Preserving Virginia’s native landscapes with the help of citizen scientists and private landowners

Smithsonian Conservation Biology Institute
Publié: 24 octobre 2019
Dernière modification: 02 octobre 2020
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Résumé

Virginia Working Landscapes (VWL) is a program of the Smithsonian Conservation Biology Institute that promotes the conservation of native biodiversity and sustainable land use through research, education and community engagement. 

 

VWL partners with a regional network of organizations, landowners and citizen scientists in order to conduct innovative research on Virginia’s native plants and wildlife. Research is conducted on both public and private lands, with a focus on biodiversity, ecosystem services and threatened species.

 

Community engagement is key to this program. Each year, VWL trains a dedicated group of citizen scientists to conduct biodiversity surveys. The individuals play an important role both as researchers, and as conservation ambassadors in the community.

 

The data collected by citizen scientists is then used engage and educate local landowners about biodiversity and sustainable land-use.

 

Classifications

Région
Amérique du Nord
Échelle de la mise en œuvre
Local
Ecosystème
Prairie tempérée, savane, maquis
Écosystémes des prairies
Thème
Acteurs locaux
Espèces exotiques envahissantes
Fragmentation et la dégradtion de l'habitat
Gestion des espèces
Gestion des terres
Géodiversité et géoconservation
L'intégration de la biodiversité
Restauration
Science et recherche
Challenges
Dégradation des terres et des forêts
Perte de biodiversité
Utilisations conflictuelles / impacts cumulatifs
Perte de l'écosystème
Espèces envahissantes
Objectifs de Développement Durable
ODD 15 - Vie terrestre
Obectifs d'Aichi
Objectif 1: Sensibilisation accrue de la biodiversité
Objectif 2: Valeurs de la biodiversité intégrées
Objectif 5: Perte d'habitat réduite de moitié ou diminuée
Objectif 7: Agriculture, aquaculture et sylviculture durable
Objectif 9: Espèces exotiques envahissantes évitées et contrôlées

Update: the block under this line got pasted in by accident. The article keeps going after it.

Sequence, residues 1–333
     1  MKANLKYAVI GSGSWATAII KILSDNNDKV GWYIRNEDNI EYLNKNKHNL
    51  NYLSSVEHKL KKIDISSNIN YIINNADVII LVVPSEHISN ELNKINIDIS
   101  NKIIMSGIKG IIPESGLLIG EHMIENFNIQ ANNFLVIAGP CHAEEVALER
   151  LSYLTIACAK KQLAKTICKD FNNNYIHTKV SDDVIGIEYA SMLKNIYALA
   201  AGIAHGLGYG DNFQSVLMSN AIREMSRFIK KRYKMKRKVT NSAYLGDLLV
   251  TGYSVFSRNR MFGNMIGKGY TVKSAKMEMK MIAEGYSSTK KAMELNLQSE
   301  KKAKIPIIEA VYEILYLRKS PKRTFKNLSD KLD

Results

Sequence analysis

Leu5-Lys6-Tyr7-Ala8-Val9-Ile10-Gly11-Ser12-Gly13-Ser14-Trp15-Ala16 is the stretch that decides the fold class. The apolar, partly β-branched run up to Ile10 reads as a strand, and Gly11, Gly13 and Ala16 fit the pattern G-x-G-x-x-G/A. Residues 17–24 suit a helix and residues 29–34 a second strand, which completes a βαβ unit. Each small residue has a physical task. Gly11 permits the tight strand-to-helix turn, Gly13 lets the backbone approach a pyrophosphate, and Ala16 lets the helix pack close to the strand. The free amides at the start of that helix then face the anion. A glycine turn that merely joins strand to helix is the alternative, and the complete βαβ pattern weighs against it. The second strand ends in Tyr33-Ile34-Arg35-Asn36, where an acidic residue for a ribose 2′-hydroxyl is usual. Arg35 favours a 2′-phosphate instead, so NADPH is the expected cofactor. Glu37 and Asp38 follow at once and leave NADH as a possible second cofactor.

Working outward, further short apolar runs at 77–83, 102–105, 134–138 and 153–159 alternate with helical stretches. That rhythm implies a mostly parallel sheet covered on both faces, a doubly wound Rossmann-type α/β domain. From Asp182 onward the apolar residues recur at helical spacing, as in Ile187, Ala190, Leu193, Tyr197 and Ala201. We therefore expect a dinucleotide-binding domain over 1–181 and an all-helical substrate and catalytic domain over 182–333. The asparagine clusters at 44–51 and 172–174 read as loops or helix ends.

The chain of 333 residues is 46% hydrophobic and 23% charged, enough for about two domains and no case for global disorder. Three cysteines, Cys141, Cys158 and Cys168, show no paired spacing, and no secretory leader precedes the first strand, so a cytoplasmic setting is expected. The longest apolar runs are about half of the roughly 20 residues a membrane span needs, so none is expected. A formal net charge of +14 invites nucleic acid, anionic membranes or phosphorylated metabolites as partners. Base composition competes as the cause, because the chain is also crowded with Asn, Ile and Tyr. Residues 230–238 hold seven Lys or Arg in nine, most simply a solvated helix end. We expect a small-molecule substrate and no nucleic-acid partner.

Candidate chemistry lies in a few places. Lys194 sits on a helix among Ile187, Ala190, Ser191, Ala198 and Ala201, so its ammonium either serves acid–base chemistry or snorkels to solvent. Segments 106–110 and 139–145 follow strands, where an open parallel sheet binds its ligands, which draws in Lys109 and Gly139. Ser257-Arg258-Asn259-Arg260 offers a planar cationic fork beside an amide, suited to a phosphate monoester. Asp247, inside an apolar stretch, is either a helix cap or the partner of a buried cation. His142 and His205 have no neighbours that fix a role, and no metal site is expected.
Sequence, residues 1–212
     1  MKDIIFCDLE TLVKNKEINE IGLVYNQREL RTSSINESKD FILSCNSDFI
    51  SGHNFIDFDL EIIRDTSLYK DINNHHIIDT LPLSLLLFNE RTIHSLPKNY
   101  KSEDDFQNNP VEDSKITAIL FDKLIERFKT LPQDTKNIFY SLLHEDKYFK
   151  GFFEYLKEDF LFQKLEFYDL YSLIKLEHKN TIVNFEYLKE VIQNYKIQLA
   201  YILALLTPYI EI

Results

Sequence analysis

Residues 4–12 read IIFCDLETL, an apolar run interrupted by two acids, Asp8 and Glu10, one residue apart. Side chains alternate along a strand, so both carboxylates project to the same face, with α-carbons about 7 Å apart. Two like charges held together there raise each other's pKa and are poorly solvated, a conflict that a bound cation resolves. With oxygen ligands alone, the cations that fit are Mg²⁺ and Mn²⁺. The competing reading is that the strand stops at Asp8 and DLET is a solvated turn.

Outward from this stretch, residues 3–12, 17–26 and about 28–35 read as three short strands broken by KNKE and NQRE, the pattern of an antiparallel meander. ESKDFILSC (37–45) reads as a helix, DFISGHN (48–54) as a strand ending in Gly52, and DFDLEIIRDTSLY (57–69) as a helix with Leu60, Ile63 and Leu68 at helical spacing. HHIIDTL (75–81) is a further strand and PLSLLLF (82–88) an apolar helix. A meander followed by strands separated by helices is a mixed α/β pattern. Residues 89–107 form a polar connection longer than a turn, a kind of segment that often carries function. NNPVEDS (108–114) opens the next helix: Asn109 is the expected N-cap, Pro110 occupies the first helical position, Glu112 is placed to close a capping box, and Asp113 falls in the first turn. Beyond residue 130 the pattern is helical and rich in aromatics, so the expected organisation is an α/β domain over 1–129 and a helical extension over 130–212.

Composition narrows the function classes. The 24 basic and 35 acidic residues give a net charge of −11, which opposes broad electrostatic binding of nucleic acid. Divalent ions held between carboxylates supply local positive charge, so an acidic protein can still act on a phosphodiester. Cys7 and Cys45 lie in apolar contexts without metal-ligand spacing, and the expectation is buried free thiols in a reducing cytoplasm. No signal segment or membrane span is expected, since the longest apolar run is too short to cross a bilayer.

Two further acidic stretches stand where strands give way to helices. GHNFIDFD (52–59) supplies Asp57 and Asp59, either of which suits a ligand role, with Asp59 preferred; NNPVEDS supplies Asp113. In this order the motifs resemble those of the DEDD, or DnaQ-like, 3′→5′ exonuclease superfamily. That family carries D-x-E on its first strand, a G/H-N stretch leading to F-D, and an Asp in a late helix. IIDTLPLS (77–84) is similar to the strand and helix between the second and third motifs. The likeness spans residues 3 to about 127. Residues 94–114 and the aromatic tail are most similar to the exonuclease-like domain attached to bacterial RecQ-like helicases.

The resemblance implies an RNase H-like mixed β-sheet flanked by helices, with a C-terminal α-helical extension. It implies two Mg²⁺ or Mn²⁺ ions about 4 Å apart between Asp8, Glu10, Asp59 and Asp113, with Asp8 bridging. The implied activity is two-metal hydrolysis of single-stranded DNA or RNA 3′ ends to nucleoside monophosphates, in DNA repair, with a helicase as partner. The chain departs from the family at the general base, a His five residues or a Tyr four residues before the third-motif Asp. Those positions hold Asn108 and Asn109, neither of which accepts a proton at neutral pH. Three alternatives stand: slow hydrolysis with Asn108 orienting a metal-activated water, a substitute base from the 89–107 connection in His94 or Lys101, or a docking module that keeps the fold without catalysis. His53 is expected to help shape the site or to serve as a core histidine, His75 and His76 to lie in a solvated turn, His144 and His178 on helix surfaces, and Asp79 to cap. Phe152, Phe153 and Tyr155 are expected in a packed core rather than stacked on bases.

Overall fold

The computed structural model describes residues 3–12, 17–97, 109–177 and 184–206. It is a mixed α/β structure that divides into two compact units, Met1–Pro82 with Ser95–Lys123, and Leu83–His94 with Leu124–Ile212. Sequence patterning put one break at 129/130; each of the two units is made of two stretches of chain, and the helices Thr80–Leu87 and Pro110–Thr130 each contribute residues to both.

Objectif 12: Réduction du risque d'extinction
Objectif 15: Restauration et la résilience des écosystèmes

Emplacement

Front Royal, Virginia, United States of America

Les impacts positifs

Central to this innovative project is community engagement. Citizen scientists conduct surveys and private landowners provide access to their land and learn more about conservation.

 

VWL's survey network currently spans 61,000 acres of private land and 11,500 acres of public land. Over 500 surveys have been conducted and 400 species observed. These surveys provide valuable information on the status of the region's biodiversity while informing best land management practices for sustaining both wildlife and people.

 

For example, the Grassland Biodiversity project determines how different meadow management approaches affect richness and abundance of birds, plants and pollinators. The data gathered helps landowners make informed decisions about improving grassland habitat and overall biodiversity on their property.

 

The overwhelming majority of land in Virginia is held in private hands, with more than 90 percent of grasslands privately-owned. Therefore, landowners and citizens are the stewards of most of the natural resources in Virginia and key to the success of preservation efforts.

Contribué par

Smithsonian Institution